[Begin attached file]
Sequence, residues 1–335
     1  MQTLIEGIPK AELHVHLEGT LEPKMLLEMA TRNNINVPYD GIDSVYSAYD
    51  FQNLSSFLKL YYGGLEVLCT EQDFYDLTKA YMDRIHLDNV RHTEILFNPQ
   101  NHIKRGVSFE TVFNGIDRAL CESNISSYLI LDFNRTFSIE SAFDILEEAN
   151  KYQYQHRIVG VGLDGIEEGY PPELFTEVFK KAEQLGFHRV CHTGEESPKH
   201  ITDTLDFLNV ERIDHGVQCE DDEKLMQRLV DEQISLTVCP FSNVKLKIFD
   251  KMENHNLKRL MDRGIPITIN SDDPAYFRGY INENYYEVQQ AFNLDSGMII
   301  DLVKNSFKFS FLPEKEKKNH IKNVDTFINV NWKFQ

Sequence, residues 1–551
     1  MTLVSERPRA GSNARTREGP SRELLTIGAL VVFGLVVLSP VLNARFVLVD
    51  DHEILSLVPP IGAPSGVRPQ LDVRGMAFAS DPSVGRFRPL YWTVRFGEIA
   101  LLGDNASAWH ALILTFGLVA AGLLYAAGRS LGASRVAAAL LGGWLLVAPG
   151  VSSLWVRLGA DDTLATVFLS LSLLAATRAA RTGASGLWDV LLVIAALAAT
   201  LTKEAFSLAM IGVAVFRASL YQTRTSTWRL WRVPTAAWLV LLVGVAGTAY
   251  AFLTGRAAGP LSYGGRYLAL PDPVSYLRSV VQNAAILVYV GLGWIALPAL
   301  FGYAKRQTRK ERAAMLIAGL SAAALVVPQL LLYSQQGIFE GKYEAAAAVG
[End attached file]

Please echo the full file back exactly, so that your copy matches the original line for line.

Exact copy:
Sequence, residues 1–335
     1  MQTLIEGIPK AELHVHLEGT LEPKMLLEMA TRNNINVPYD GIDSVYSAYD
    51  FQNLSSFLKL YYGGLEVLCT EQDFYDLTKA YMDRIHLDNV RHTEILFNPQ
   101  NHIKRGVSFE TVFNGIDRAL CESNISSYLI LDFNRTFSIE SAFDILEEAN
   151  KYQYQHRIVG VGLDGIEEGY PPELFTEVFK KAEQLGFHRV CHTGEESPKH
   201  ITDTLDFLNV ERIDHGVQCE DDEKLMQRLV DEQISLTVCP FSNVKLKIFD
   251  KMENHNLKRL MDRGIPITIN SDDPAYFRGY INENYYEVQQ AFNLDSGMII
   301  DLVKNSFKFS FLPEKEKKNH IKNVDTFINV NWKFQ

Sequence, residues 1–551
     1  MTLVSERPRA GSNARTREGP SRELLTIGAL VVFGLVVLSP VLNARFVLVD
    51  DHEILSLVPP IGAPSGVRPQ LDVRGMAFAS DPSVGRFRPL YWTVRFGEIA
   101  LLGDNASAWH ALILTFGLVA AGLLYAAGRS LGASRVAAAL LGGWLLVAPG
   151  VSSLWVRLGA DDTLATVFLS LSLLAATRAA RTGASGLWDV LLVIAALAAT
   201  LTKEAFSLAM IGVAVFRASL YQTRTSTWRL WRVPTAAWLV LLVGVAGTAY
   251  AFLTGRAAGP LSYGGRYLAL PDPVSYLRSV VQNAAILVYV GLGWIALPAL
   301  FGYAKRQTRK ERAAMLIAGL SAAALVVPQL LLYSQQGIFE GKYEAAAAVG